The following article assumes a basic knowledge of closed list proportional representation.
The Israeli electoral system has a problem: it wastes votes. It does this in three ways: firstly, and most notoriously, by not counting votes cast for parties that do not reach the electoral threshold for representation in the Knesset; secondly, it wastes votes by apportioning seats by using a ‘list indicator’, which I will explain in detail bellow; and thirdly, and most rarely, the Israeli election system wastes votes by not counting those votes cast for parties that do not have a long enough party list to be apportioned the number of seats they’ve earned. However, each way in which the Israeli electoral system wastes votes can be resolved. By altering the Israeli electoral system from the Bader-Ofer method it currently uses to the Gregor-Wright method, every vote cast can be made to count.
The first change switching from the Bader-Ofer to Gregor-Wright method of voting would make to Israeli elections is to have Israelis not vote for only one party, but to rank every party on the ballot from their first choice to their second to last, leaving their last choice and those parties the voter isn’t familiar with unranked. Once the voters have ranked their ballots, each ballot will be counted and apportioned according to whichever party is ranked first on each ballot.
Starting with that party with the least number of votes of those parties that do not meet the electoral threshold, that party will have those ballots apportioned to it recounted and recast for whichever party each ballot ranks next. This process will continue until every party originally bellow the electoral threshold has been risen above it by the addition of transferred votes or been eliminated and had their votes transferred away. If the party a given ballot ranks second has, like the party it lists first, already been eliminated by not reaching the electoral threshold, the ballot is again recast, this time for the party ranked third, and so on. Through this change, votes cast for parties that do not meet the minimum electoral threshold for representation in the Knesset will not be ignored but merely recycled.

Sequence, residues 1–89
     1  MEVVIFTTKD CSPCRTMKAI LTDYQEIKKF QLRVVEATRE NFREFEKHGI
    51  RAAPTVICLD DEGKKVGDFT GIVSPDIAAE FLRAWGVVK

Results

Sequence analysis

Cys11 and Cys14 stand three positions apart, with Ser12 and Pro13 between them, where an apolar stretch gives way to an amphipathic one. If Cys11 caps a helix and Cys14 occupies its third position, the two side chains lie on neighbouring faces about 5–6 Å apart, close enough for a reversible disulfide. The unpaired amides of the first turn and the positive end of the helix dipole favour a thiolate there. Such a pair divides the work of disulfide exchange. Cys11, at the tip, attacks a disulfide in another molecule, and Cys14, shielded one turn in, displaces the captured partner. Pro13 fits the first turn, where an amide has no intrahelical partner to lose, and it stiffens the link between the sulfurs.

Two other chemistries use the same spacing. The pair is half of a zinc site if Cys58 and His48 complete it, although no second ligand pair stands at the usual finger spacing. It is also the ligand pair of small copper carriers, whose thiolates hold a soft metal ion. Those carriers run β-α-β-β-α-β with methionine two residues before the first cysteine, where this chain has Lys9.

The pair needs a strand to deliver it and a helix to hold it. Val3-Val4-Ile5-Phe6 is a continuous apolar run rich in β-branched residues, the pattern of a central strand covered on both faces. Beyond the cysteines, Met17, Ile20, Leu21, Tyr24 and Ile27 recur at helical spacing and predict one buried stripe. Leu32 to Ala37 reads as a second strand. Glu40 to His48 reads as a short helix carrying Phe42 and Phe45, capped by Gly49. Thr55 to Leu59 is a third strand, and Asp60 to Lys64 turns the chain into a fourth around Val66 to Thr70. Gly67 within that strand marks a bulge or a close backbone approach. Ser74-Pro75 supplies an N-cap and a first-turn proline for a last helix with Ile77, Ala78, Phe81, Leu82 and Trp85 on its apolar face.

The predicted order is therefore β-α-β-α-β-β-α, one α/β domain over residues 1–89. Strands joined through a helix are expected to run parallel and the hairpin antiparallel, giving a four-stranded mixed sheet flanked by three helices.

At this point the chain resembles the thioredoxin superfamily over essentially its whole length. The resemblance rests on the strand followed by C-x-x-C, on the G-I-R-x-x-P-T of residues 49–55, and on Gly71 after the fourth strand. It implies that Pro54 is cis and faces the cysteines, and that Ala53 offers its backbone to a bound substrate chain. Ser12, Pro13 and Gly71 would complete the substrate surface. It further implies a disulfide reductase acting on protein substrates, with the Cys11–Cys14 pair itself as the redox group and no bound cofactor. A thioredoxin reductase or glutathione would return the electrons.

The second change implementation of the Gregor-Wright voting method would make to Israeli elections is to carry out a process of ‘reweighting and recasting’ votes. In the current Israeli electoral system when a party receives 4G votes, where G is the number of votes referred to as the ‘general indicator’ and is ‘the sum of votes cast for those parties that overcame the electoral threshold divided by 120(the number of seats in the Knesset)’, that party receives 4 Knesset seats. When a party receives exactly 4G votes it is clear that they will receive four Knesset seats. But what happens when a party receives 4G+S votes where S>0 and <G and stands for ‘surplus votes’. If each party that receives XG+S number of votes is apportioned only X Knesset seats, the sum of Knesset seats allocated to each party will be less than 120, and so there must be a way to apportion the remaining seat(s). The current Israeli election system uses a ‘list indicator’ as prescribed by the Bader-Ofer method to apportion unfilled seats. Bellow I paraphrase an explanation of this ‘list indicator’ method as it appears on the knesset.gov.Il website. (The following excerpt is not an exact quote but rather altered slightly for comprehensibility within the context of this article).
‘The problem of unapportioned Knesset seats and of parties’ surplus votes (S) is resolved by dividing the total number of valid votes given to a list (XG+S) by the number of seats given to that lists(G) plus 1 (XG+S/G+1). The reason for adding 1 is for determining what the ‘list indicator’ would be if the party would receive that additional seat. The list with the highest ‘List Indicator’ receives the surplus seat. The ‘List Indicator’ for additional seats will be calculated based on the new distribution (i.e. plus 2 for the lists that already received a seat, and so on). These calculations are continued in this way until all surplus seats are distributed.’
Basically, this means excess Knesset seats will be distributed in proportion to a party’s share of the sum of parties’ surplus votes.
What the Bader-Ofer method’s use of such a ‘list indicator’ to apportion seats gets wrong is that it ignores the surplus votes of those parties (and party alliances) that do not have a large enough S value to be apportioned extra Knesset seats.